Then add the sauce and cook it all together until the sauce simmers, tuning the tofu pieces so they get sauced on both sides. At that point it’s up to you to decide whether you want to cook the sauce down for a fairly dry presentation, or serve it right away while the texture is still “wet.” Either way it will be good.

      Serve this over short-grained rice. Top with sesame seeds or peanuts if you’ve got ‘em.

      Silken Variation:

      Silken Variation? Is that some sort of feminine product or a Kama Sutra position?

      Anyway, if you’re a fan of silken tofu, as I am, you use that, too. You just do things in a different order. Heat up your skillet and add your green onion pieces and cook for a minute or so, then add the sauce and bring it to a simmer. Then add your silken tofu. Toss to cover with sauce then put a lid over the skillet, turn the heat down and let the tofu sort of steam/heat through gently. Takes about 5 minutes.

      The World’s First Lamp

      Erik’s link to the orange lamp on Saturday reminded me to post this. This is Project #1 in Making It, and we often open our lectures by building one of these, but I realize I’ve never talked about oil lamps here on the blog.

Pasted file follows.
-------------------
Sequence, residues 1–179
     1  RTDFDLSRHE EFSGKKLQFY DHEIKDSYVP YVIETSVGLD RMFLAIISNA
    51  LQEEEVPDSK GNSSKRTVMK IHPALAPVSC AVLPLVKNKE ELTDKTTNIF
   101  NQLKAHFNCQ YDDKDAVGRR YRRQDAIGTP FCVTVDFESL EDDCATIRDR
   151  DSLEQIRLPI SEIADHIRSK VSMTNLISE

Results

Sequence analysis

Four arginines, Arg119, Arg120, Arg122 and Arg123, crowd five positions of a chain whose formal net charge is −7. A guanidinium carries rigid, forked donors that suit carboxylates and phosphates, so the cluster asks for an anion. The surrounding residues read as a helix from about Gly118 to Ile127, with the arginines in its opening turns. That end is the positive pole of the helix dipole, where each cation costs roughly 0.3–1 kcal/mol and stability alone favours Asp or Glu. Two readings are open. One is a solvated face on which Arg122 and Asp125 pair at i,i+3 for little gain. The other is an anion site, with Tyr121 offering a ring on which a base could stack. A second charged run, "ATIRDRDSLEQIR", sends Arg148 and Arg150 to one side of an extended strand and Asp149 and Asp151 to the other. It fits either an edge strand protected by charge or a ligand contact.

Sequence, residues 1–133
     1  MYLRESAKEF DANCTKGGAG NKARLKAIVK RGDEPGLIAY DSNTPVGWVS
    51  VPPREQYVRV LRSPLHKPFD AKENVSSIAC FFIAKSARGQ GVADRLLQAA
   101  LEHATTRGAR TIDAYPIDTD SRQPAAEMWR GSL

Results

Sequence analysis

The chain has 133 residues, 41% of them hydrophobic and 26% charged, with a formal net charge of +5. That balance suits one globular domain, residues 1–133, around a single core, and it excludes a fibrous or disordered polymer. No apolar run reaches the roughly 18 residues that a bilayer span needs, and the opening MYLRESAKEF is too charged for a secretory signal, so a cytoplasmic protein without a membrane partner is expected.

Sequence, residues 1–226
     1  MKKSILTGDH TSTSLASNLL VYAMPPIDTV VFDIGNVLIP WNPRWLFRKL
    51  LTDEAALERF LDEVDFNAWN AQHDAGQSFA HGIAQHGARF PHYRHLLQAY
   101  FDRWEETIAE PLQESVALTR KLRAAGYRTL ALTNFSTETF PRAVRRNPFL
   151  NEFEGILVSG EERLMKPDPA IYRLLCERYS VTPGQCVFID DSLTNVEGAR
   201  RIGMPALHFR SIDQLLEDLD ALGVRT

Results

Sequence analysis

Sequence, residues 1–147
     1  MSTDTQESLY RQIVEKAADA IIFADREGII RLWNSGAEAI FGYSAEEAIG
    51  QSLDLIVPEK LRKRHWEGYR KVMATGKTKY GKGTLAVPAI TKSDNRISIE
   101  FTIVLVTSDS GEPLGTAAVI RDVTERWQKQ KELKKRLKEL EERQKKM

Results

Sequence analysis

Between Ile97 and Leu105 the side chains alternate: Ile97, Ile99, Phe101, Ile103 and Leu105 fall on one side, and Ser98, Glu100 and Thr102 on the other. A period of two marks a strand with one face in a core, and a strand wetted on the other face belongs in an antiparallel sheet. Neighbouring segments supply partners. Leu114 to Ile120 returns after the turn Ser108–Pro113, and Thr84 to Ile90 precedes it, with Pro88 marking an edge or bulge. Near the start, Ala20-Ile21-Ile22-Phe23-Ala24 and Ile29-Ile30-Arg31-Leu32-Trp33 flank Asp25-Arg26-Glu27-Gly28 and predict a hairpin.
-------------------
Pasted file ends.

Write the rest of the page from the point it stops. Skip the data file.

Forgive the somewhat atmospheric photo. What you’re looking at is the simplest thing in the world: an oyster shell filled with olive oil and balanced in a small dish of sand. Three pieces of cotton string are lying in the oil with their ends poking just a little way off the side of the shell. Those are the wicks.

      This is a shell lamp. This is perhaps what the first lamp ever looked like. (A Paleo-lamp?) At the very least, this is a fundamental human technology. When you build one, you’re echoing the practices of so many cultures over so much history–from the flat clay oil lamps of Rome to the soapstone lamps of the Inuit to the the ghee-burning temple lamps in India.

      Even if you don’t buy all this romance, it’s a good trick to remember next time you’re in a blackout and running out of candles.

      One reason I burn little shell lamps like this because I like candlelight, but candles are expensive, especially beeswax candles, which I prefer over petroleum-based candles. Since these lamps use olive oil or any cooking oil for fuel, they’re a great way to us up those rancid or off-tasting oils which tend to clutter the back of our cupboards. I save the stale or otherwise suspicious olive oil from my herb-infused oil experiments for this purpose– oil which I’d have to throw away otherwise. This makes my flame habit essentially free.